drugs of doxorubicin containing a self-immolative benzyloxycarbamate linker with a galactose moiety have been also
reported to have a slower hydrolysis (t1/2 = 217 min).[20] For
the cleavage of EgadMe, Meade et al. reported a Vmax of 2.4 A
10 6 mmol s 1 U 1.[21]
To further demonstrate the utility of the complex, we
acquired MR images of a solution of 20 mm [Yb(dota-aBzbGal)] 7 before and after reaction with b-galactosidase, by
applying a selective saturation at + 16 ppm (off resonance) or
16 ppm (on resonance; Figure 2). The intensity of the signal
is clearly weaker after enzymatic reaction. By subtracting the
MR images with saturation offset of 16 ppm from the MR
images with saturation offset of + 16 ppm, we calculate a 29 %
([Moff Mon]/Moff) decrease in the water MR signal for the
sample containing the enzymatically cleaved complex, while
no significant change is obtained for the tubes with the
noncleaved agent (1.8 %) or with water (0.7 %).
In conclusion, we have synthesized a first representative
of a new family of molecular imaging agents that could offer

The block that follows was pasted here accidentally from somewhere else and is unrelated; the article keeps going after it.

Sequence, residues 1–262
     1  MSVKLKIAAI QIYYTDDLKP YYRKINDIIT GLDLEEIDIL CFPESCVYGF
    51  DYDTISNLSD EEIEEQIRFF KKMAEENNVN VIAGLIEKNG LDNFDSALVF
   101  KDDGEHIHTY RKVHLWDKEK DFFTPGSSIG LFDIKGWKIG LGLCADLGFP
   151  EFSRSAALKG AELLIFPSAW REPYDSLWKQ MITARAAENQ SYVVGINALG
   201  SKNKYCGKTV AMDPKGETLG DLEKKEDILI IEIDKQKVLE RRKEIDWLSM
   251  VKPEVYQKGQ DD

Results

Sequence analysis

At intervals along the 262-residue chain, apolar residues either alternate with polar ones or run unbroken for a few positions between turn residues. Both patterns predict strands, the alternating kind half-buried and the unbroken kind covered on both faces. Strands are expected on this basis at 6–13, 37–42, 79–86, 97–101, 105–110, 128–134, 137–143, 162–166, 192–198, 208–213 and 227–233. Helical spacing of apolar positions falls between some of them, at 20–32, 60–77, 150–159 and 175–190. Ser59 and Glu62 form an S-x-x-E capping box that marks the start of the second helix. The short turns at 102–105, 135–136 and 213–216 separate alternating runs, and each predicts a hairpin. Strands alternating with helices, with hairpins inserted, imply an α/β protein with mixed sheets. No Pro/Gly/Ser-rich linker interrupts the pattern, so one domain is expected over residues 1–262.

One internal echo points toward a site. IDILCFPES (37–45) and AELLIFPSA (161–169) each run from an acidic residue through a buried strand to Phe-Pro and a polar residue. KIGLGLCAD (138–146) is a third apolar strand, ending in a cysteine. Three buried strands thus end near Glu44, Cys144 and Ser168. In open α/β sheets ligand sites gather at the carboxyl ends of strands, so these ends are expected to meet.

the possibility of specific PARACEST detection for a large
variety of enzymatic activities. This platform has several
positive features: the substrate is at the extremity of a spacer
that facilitates the enzymatic cleavage, and the PARACEST
properties are not affected by the variation of the substrate.
Since the PARACEST effect is observed after enzymatic
activation, it can be optimized once for the whole family. The
same LnIII chelate and spacer will be applied for the detection
of diverse enzymes by varying the substrate. The system
works as a switch off/on probe, which can be a further
advantage in practical in vivo or in vitro applications. Finally,
these molecules are also prospective probes for the high- or
medium-throughput screening of enzyme inhibitors by MRI.
Most of currently used screening protocols are based on
radiometric or spectrophotometric detection. Radiometric
methods are hampered by the high cost and safety problems,
while the spectrophotometric methods face the problem of
numerous interferences which can lead to false positive or
negative results. As MRI is much less prone to interferences,
it might represent a viable alternative in high-throughput
screening, provided that appropriate probes are available.
Moreover, since b-galactosidase is a commonly used marker
enzyme, this PARACEST system can also find application in
the area of studying gene expression.[22]
Received: February 19, 2008
Published online: May 2, 2008
Keywords: imaging agents · lanthanides · PARACEST ·
proton exchange · saturation transfer